"Automaton" is as leftfield as you could possibly imagine from a Jamiroquai song.
Adriane Pontecorvo: Jamiroquai goes full cyborg on restless electro track “Automaton”. Jay Kay’s voice is still disco-smooth, but even he isn’t immune from the coldness of the world, his lyrics mourning the betrayal of the future, the dissatisfying present. He doesn’t quite nail the funky rap break (if you want to call it that) near the end, but the quirks in the robotic melody give this enough interesting texture to please audiences who might have rolled their eyes at previous feel-good Jamiroquai hits. Really, though, what kind of world do we live in if even Jay Kay is feeling existential dread? [8/10]
Paul Carr: This brave piece of lunacy from Jamiroquai sounds a little like something Aphex Twin might do for a bit of a laugh. It's full of skittering, glitchiness with all melody systematically removed from the verses. Instead, he relies on “futuristic” sounds and out of sync blips and bleeps. The chorus is more reminiscent of the funky, catchy sound that you would expect but it is soon overridden by detached, digital voices and cold, austere synths. If that wasn’t odd enough, he breaks out into an Afrika Bambaataa inspired rap. It is as left field as you could imagine from a Jamiroquai song. Whether it works, is open to debate, but it is certainly bold. [6/10]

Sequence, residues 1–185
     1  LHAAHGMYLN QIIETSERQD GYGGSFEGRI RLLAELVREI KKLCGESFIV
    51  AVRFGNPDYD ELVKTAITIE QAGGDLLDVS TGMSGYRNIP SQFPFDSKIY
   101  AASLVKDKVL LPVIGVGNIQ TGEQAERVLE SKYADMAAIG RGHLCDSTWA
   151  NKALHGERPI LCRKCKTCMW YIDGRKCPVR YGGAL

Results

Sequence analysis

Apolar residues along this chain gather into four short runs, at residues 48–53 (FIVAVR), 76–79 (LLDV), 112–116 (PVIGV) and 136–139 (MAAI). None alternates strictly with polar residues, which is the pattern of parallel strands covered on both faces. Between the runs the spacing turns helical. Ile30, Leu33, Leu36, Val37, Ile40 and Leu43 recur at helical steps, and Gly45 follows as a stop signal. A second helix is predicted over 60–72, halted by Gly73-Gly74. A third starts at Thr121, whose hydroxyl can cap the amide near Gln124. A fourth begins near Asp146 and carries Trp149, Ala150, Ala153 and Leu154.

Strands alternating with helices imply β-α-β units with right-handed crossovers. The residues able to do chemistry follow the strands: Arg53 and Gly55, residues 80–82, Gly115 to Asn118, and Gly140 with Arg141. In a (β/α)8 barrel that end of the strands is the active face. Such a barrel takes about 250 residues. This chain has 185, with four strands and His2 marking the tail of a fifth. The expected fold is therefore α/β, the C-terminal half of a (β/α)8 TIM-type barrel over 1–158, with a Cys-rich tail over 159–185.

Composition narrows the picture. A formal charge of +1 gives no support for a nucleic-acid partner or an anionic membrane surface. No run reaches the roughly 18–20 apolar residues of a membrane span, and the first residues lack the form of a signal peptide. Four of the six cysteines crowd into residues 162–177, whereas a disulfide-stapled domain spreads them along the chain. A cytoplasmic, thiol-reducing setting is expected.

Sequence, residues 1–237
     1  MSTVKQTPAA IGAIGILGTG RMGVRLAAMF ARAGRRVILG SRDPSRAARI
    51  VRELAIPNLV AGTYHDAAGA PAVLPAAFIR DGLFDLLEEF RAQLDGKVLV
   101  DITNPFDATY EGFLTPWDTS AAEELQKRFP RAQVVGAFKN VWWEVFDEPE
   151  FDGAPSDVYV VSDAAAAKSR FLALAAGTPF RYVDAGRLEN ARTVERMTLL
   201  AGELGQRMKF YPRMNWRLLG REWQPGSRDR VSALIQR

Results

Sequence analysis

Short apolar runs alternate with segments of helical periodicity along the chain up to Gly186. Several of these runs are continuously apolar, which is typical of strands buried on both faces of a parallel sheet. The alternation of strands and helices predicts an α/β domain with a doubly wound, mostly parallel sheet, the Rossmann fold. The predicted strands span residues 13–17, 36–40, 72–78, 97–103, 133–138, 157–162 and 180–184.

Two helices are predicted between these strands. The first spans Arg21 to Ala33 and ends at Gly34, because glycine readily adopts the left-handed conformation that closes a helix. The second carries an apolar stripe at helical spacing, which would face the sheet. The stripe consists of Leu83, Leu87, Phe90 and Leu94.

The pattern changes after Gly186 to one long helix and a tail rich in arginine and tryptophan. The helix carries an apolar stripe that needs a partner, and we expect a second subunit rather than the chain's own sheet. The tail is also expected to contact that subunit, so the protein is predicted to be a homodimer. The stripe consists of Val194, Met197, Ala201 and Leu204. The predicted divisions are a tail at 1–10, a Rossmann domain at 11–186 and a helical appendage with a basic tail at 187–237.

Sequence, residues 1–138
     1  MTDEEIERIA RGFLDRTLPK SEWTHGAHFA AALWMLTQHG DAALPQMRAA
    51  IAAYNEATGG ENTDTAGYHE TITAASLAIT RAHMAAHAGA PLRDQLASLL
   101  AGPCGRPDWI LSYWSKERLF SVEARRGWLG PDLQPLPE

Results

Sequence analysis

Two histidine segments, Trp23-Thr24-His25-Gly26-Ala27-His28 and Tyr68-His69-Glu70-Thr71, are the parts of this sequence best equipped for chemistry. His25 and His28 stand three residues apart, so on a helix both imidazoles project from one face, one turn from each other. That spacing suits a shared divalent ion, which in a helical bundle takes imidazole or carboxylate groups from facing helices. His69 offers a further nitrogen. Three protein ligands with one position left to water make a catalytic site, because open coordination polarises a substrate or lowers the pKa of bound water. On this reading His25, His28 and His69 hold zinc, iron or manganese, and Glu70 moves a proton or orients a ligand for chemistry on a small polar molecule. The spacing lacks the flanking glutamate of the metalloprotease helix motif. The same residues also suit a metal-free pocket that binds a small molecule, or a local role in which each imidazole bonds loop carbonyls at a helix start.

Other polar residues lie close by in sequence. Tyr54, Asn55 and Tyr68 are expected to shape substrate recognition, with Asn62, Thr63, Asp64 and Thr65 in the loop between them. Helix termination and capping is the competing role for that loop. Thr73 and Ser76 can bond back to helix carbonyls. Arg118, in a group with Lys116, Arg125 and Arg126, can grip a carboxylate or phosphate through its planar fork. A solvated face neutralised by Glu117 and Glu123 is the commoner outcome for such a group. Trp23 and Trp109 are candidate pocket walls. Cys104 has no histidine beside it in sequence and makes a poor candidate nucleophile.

Andrew Paschal: An exciting if uneven club number, "Automaton" is saturated to its limit with neon synths. The track's form mimics the malfunctioning machine of its title, brief stuttering whirs, and glitches punctuating the dense, driving verses. The chorus feels like it could come from another song entirely, adding to the overall jerkiness of the ride. "Automaton" comes across as a bit desperate to see peoples' hands in the air, but its relentlessness is not wasted entirely, as it still makes for an engaging experience. [6/10]
Chris Ingalls: This caught me a bit off-guard. Jamiroquai’s calling card used to be a devotion to booty-shaking Stevie Wonderisms, but here he really ups the technology stakes, making it much more of a futuristic affair. After years of searching the past for inspiration, he’s looking forward. A bit of a shame -- there are some great musical ideas here, but I prefer his more organic stuff. But who knows – the rest of the album may blow me away. [7/10]